For as long as I can remember, I’ve been trying to write horror fiction. I’ve got multiple drafts, bits and pieces of potential plot points, and several half-fleshed ideas. All of them are sporadically scattered in my Google Docs storage. I’m sure if I ever tried to compile these ideas together, I would come up with something meaningful. But unfortunately, I can’t.
Not a day goes by when I don’t dream about my book finding its place among other horror classics in a Barnes & Noble bookstore. And that’s probably the only thing that makes me shamelessly return to those incomplete drafts. Drafts which I’m afraid of reading, fearing they’re not good enough. …
Beautiful things don’t ask for attention.
I have a terrible habit. Before watching a movie, I check its average Rotten Tomatoes score. If its score falls anywhere below 60%, then the movie is unwatchable for me. I hate judging a book by its cover and I hate judging movies based on critics' opinions. But I can’t help it; it’s a habit.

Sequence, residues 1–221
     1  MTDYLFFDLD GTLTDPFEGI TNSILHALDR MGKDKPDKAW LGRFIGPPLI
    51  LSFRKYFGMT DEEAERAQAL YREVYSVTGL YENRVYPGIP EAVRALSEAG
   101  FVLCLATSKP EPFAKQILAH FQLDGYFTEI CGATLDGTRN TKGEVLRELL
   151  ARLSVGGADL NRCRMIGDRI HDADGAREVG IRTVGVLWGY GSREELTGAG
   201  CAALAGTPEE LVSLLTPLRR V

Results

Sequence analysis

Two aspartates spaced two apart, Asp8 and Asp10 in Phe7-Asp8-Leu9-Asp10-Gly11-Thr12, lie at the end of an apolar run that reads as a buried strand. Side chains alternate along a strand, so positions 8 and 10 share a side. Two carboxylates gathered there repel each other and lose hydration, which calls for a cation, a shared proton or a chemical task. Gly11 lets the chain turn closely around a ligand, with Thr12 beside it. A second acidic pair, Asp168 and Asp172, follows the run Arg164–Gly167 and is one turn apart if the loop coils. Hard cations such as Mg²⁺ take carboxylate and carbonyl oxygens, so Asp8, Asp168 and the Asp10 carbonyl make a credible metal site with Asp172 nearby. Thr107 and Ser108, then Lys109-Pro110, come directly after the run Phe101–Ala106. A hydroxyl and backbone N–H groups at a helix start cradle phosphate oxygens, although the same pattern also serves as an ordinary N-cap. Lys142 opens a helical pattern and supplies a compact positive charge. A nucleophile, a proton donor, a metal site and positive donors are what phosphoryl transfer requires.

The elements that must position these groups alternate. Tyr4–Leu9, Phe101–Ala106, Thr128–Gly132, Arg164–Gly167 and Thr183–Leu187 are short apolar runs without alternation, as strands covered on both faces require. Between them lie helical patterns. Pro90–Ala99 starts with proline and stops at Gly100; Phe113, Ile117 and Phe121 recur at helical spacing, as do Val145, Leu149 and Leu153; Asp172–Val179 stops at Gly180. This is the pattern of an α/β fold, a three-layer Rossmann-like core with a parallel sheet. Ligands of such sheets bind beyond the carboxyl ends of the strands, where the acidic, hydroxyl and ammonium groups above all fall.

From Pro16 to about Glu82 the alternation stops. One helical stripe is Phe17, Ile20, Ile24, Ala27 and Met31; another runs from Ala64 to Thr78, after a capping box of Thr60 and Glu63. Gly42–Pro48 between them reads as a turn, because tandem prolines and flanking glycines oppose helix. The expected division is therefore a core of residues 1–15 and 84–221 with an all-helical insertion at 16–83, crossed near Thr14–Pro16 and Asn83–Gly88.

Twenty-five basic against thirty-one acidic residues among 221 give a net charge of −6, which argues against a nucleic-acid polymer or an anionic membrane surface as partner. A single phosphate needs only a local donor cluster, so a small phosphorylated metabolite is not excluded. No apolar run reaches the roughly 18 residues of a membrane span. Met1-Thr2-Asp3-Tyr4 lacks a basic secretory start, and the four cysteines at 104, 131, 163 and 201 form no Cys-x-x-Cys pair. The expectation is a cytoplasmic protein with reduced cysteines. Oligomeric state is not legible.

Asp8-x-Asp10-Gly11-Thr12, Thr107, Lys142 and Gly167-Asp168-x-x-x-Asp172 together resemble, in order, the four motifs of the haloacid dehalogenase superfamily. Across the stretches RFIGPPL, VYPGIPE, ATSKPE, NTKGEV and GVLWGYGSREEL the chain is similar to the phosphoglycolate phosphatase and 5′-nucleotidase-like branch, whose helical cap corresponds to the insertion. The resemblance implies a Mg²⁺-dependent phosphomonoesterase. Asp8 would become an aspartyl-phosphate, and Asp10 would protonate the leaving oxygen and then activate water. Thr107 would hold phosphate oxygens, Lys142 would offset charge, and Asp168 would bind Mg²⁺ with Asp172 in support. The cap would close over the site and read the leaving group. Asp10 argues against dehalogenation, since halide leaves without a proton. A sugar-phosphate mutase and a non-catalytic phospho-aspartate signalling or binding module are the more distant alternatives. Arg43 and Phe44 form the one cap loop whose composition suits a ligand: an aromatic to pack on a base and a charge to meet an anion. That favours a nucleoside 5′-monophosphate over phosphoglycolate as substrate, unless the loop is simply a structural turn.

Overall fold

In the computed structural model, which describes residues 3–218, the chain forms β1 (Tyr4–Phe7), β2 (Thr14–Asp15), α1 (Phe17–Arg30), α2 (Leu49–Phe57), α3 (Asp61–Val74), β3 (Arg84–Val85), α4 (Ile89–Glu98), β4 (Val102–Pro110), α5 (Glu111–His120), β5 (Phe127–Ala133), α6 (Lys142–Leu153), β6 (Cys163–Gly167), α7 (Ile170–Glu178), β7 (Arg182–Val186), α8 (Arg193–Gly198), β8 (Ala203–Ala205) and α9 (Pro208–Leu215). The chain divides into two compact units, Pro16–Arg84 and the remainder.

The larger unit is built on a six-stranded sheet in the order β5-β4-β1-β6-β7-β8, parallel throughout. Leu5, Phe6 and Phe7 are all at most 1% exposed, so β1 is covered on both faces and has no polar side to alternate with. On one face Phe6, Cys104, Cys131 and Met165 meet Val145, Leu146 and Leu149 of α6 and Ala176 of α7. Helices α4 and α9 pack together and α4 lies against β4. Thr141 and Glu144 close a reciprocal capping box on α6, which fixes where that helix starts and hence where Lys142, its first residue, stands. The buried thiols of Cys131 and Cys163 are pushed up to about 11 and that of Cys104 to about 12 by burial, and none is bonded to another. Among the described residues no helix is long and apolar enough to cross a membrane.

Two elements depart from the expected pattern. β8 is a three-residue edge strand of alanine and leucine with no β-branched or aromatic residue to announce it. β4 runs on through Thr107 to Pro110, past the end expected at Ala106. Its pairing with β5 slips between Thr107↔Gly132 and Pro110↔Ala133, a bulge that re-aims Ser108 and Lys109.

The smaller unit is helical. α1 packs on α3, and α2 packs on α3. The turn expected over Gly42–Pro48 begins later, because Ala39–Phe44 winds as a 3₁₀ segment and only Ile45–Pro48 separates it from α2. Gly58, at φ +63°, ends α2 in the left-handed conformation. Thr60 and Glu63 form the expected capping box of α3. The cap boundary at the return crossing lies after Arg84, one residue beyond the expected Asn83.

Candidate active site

There are certain movies, however, which remind me of simpler times. Times when I cared little about movie ratings or those so-called “cinematic events.” I watched anything and everything that appealed to me. Nothing else mattered.
‘The Secret Life of Walter Mitty’ is one of those movies. …
Today I came across the most viewed Ted talk of all time: Do Schools Kill Your Creativity by Sir Ken Robinson. For evidence, Robinson cites several examples and scenarios which suggest that there’s something seriously wrong with the education system.
“If you sit kids down day after day indoors at desks, doing what often amounts to low-grade clerical work, then don’t be surprised if they fidget, don’t achieve a great deal and don’t feel very good about themselves,” he quotes.
His Ted talk got me thinking:
Is it just the education system that prohibits us from reaching our creative potential? Or, are there other hindrances to creativity that we unknowingly face every single day? …
When I look back at the formative years of my late adolescence and early twenties, there isn’t much I can remember. All I can remember are some facts: